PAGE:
Zoning for former AMPI site discussed

By Patrick Fisher, Staff Writer

How should the former AMPI Creamery property be rezoned?

The New Prague Planning and Zoning Commission began a discussion on that question at its Wednesday, March 25, meeting. It's a discussion the commission will continue at its Wednesday, April 22, meeting.

Ken Ondich, New Prague Planning Director, explained the former creamery site at 302 Second St. NW is part of one large area currently zoned I-1, light industrial. It begins on the west next to the Union Pacific Railroad tracks going east to Second Avenue NW and stretches south from Second Street NW to West Main Street.

Businesses in the affected area include FlipSide Pub & Grill, Joe's Shoe Repair and Strike Force Bowl, all along West Main Street.

Ondich noted with the property zoned as light industrial, those businesses are considered non-conforming. According to the city's 2005 Comprehensive Plan, that area is to eventually be zoned B-1 central business district. For the business owners, the rezoning of the area would be a benefit as it would make it easier to make improvements or expand.

Under the Comprehensive Plan, the northern half of the property is to be zoned RM medium density residential. Since the demolition of the creamery in 2008, the majority of that area is vacant, and is being used for the staging of semi-trucks for the ConAgra mill.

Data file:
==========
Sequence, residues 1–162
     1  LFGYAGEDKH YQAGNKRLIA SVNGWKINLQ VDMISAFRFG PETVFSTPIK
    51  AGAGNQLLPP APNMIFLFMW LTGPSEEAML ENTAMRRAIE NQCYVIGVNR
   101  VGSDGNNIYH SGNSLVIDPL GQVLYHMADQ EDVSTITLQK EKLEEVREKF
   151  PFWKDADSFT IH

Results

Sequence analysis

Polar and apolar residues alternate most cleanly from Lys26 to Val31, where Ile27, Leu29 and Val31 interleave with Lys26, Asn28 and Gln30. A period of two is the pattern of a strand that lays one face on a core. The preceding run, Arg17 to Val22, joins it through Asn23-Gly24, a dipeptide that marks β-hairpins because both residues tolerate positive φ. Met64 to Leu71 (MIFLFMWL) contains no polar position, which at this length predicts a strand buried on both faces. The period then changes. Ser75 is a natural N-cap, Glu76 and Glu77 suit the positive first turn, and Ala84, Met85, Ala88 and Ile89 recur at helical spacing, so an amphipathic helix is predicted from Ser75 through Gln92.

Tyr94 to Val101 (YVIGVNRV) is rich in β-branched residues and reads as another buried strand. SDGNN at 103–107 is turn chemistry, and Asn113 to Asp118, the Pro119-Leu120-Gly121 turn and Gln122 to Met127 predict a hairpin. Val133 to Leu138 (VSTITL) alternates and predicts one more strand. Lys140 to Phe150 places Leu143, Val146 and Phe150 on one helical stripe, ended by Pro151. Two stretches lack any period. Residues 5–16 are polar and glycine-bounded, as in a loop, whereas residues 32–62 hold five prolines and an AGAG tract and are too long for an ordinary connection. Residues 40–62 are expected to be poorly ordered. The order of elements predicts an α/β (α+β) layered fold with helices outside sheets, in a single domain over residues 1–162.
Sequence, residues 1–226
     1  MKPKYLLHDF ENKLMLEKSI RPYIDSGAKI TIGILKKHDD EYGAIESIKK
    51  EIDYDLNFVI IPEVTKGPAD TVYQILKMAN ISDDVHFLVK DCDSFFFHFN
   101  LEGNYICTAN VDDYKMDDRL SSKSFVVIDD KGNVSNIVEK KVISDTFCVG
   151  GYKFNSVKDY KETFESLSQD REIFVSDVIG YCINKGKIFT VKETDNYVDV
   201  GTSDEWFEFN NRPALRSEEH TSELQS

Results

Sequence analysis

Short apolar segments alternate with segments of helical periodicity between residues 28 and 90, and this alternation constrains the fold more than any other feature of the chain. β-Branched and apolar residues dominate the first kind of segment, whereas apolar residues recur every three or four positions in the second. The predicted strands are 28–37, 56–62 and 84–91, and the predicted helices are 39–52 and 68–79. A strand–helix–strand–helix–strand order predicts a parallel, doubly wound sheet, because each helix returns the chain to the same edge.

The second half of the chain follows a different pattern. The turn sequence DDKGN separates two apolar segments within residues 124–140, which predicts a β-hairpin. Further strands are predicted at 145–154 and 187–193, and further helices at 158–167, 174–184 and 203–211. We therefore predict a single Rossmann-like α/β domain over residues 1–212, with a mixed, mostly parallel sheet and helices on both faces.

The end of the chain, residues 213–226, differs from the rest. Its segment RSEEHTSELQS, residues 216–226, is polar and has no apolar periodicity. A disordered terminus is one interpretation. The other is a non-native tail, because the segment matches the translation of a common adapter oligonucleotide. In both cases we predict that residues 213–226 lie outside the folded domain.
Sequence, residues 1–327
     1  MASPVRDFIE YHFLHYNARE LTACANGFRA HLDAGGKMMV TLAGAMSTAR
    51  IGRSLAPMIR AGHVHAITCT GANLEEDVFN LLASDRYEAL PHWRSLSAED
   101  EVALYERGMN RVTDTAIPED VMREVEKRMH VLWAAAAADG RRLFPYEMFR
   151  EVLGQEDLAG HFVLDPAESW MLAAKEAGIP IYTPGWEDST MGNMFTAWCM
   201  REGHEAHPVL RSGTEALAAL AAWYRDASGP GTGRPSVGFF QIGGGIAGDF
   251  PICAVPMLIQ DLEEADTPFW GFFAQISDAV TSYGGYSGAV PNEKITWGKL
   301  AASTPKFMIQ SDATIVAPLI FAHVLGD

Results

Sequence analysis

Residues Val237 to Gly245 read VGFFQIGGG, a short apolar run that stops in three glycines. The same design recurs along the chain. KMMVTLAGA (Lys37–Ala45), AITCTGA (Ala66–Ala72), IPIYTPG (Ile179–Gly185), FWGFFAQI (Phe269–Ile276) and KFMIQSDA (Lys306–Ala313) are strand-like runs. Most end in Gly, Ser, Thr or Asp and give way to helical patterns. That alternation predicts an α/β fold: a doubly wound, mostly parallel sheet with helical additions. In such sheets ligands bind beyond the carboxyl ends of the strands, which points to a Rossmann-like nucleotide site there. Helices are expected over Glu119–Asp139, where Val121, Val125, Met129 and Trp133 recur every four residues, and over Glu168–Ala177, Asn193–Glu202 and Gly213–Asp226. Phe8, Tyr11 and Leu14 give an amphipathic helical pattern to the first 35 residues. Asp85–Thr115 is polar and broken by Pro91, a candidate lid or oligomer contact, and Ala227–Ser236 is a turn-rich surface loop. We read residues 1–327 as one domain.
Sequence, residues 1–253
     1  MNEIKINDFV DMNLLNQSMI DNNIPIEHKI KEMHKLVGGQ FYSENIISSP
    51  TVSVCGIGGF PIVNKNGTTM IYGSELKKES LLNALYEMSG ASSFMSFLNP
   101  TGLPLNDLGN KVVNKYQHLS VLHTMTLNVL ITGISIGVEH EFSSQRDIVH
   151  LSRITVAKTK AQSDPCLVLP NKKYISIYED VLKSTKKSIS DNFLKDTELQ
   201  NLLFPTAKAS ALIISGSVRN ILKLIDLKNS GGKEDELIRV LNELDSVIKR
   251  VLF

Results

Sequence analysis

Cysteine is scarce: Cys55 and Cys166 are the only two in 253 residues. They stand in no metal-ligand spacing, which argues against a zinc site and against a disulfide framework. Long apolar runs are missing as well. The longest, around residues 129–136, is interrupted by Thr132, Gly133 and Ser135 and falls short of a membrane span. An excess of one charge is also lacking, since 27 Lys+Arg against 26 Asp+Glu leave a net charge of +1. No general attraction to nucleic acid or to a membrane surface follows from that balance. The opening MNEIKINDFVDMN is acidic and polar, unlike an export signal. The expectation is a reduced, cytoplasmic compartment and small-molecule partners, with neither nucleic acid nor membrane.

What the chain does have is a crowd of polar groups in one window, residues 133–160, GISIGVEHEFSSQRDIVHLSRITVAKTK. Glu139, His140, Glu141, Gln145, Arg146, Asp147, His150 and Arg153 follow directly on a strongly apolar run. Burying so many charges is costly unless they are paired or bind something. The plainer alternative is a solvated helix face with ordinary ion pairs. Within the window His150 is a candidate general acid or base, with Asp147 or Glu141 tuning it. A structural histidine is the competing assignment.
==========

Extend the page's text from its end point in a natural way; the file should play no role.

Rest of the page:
Residents and property owners were invited to the discussion with five attending. Among them were Willis and Kim Cooan, who own a storage building between the railroad tracks and Third Avenue NW, which is a gravel road. The couple provided the city with a letter, recommending their property be zoned B-1 since they use the area commercially.

Ondich noted that due to setbacks from the street and the railroad tracks, the Cooan property is non-conforming.

Steve Duban, owner of FlipSide Pub & Grill asked if housing for the northern portion would be assisted living. He also wanted to know where the semi-trucks would go once the area is developed.

Ondich explained the housing would be single family and assisted living would need permits. He added that ConAgra has approached the city about the possibility of removing some of the older buildings on its property and creating a truck staging area.

John Bodger who owns property along the railroad tracks said when he bought the land it was zoned as industrial and he would like to keep it that way. He asked Ondich if there were any developers looking at the land. Ondich said there were none.

Commission member Bob Gilman noted if the area was left industrial that may stop a developer from coming in, but zoning it for business would likely help.

The discussion will continue at the commission's April 22 meeting. A public hearing will likely be held at its Wednesday, May 27, meeting.

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